rogue-like posts

Freeware Friday: CastlevaniaRL: Serenade of Chaos


Castlevania is a classic console series whose main appeal lies in just how hair-pullingly frustrating and hard it is. There aren't very many of those on the PC, but there is a genre with the sort of entertaining, mind-numbing difficulty that is so prevalent on consoles. The genre is rogue-likes, and when you merge the two, you get the excellent CastlevaniaRL: Serenade of Chaos. A java-based game originally made for a rogue-like competition, it has expanded greatly. In a way, it's much like the (already covered) excellent DoomRL, except with Castlevania.

Freeware Friday: Desktop Dungeons


Welcome to Freeware Friday, a weekly column showcasing excellent games that you can play free of charge!

Much like last week's game, Desktop Dungeons is a streamlined rogue-like. It strays a little further into rogue-like territory with level gaining and such, but like Tiny Crawl, it's a very simple game that just about anyone can understand and get into. However, underneath the layer of simple controls and basics, Desktop Dungeons has a complexity and depth that make it surprisingly engaging and addictive. In fact, we could almost compare it to the title Strange Adventures in Infinite Space. Short, simple to understand, and difficult to master are all characteristics of both games, and this makes Desktop Dungeons a great game if you want to relax for a few minutes over a coffee break with some monster slaughtering. Beware, though, as you might lose track of time and get reprimanded for spending too much time dungeon crawling!

Freeware Friday: Tiny Crawl


Welcome to Freeware Friday, a weekly column showcasing excellent games that you can play free of charge!

One of the oldest game genres is the rogue-like, with games such as Nethack and Angband having an incredible longevity. Nethack itself is almost 26 years old, for example. However, rogue-likes are typically impenetrable to those that haven't spent a considerable amount of time playing them. Tiny Crawl is the answer to this common frustration, and it's a great way for new players to become engrossed in the rogue-like genre. Created for the TIGsource Assemblee competition, it boils rogue-likes down to their absolute core, providing a simple, streamlined, and engaging experience. It's no surprise how finely crafted and tuned Tiny Crawl is, given developer Sparky's work on IGF finalist Star Guard.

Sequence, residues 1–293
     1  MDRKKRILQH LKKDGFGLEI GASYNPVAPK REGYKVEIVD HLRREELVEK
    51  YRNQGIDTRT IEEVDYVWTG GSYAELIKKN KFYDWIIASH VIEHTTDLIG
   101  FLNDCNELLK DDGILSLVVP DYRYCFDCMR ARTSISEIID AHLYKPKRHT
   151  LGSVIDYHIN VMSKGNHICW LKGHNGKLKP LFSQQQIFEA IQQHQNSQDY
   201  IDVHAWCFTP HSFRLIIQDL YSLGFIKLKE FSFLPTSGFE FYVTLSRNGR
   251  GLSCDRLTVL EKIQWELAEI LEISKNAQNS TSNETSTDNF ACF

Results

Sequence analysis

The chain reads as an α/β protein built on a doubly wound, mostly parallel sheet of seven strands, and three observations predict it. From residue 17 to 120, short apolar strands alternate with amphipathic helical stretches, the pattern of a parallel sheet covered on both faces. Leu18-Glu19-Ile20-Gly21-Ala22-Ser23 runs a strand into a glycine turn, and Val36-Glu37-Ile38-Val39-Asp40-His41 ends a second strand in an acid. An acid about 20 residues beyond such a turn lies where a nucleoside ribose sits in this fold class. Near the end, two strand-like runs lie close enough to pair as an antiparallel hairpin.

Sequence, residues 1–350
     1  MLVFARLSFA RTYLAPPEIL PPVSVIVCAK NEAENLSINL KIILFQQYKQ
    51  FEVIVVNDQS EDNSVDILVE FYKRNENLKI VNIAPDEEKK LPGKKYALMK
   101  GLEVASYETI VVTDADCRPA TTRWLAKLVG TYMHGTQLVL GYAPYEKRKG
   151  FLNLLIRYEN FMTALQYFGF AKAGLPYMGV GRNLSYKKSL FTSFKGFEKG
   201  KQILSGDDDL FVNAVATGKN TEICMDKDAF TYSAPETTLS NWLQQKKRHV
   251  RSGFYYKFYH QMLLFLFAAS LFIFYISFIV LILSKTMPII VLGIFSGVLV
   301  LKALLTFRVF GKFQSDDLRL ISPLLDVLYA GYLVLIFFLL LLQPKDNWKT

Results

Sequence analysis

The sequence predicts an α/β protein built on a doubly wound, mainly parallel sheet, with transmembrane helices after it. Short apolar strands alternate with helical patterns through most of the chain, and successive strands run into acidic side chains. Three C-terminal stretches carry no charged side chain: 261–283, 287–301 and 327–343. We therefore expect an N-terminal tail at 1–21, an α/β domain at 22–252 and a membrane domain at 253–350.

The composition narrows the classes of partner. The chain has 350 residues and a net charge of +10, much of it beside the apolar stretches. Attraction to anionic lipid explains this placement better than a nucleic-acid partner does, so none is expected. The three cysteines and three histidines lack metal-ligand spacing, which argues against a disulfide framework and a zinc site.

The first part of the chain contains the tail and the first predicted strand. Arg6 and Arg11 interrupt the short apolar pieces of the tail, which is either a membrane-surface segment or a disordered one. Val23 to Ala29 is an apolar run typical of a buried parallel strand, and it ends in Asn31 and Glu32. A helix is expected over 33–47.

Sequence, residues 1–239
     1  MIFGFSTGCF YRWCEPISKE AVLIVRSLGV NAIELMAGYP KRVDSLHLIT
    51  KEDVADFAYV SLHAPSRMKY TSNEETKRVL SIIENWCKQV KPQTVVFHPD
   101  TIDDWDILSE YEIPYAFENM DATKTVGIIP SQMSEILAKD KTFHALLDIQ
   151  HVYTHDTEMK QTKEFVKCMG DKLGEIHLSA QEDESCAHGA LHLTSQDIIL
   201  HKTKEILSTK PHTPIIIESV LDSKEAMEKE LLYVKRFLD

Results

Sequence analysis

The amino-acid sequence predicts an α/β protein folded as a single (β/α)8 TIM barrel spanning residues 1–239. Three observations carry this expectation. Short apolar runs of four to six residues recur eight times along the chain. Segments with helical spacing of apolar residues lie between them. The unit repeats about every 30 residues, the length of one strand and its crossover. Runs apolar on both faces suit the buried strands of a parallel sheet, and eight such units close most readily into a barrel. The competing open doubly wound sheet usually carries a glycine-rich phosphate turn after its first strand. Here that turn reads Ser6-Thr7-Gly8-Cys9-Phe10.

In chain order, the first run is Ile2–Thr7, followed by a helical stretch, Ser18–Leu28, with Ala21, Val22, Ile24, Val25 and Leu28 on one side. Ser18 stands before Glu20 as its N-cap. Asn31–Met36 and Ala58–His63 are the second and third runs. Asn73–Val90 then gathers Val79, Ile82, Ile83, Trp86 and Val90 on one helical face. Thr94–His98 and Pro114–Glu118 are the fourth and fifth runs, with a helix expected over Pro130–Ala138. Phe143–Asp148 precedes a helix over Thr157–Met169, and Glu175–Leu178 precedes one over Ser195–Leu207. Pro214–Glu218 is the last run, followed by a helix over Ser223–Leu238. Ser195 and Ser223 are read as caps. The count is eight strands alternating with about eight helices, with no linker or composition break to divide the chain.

Boot Disk: Diablo



Sometimes you just need to sit down, slide a floppy into your A: drive, and enjoy gaming retro style. We know this all too well! That's why we have a list of the best and brightest from days long gone. These are some of our favorite games of all time, and we're sure that you'll love them as much as we do, if not more. Welcome to Boot Disk, and enjoy the retro ride!


It was mentioned in the All You Need To Know for Diablo III that Diablo was founded upon some simple rogue-like principles. Randomized dungeons, shrines, unidentified equipment, and many other different elements were mixed into a single action-packed experience. However, you shouldn't simply take our word for it. Diablo is still available for purchase over a decade since its release, and is still one of the best games out there. It's also fascinating to see the evolution of the genre it created, as Diablo is very different from other games of its kind such as Dungeon Siege or even its own sequel. While you may have played all the games it inspired, it's always good to get a taste of a classic.

Freeware Friday: DoomRL


Welcome to Freeware Friday, a weekly column showcasing excellent games that you can play free of charge!

Most rogue-likes tend to be of the role-playing variety rather than the action variety. Instead of whipping out guns, you hack apart goblins, gain levels, and traverse through dungeons. But what if it was much more simple, action-oriented, and just plain fun for your average joe? That's where DoomRL comes in. A rogue-like of id's classic shooter, it manages to be both a great remake into an interesting gameplay system as well as a compelling game on its own. It could easily be adapted to different settings or expanded to include even more goodies, which is the real beauty of it.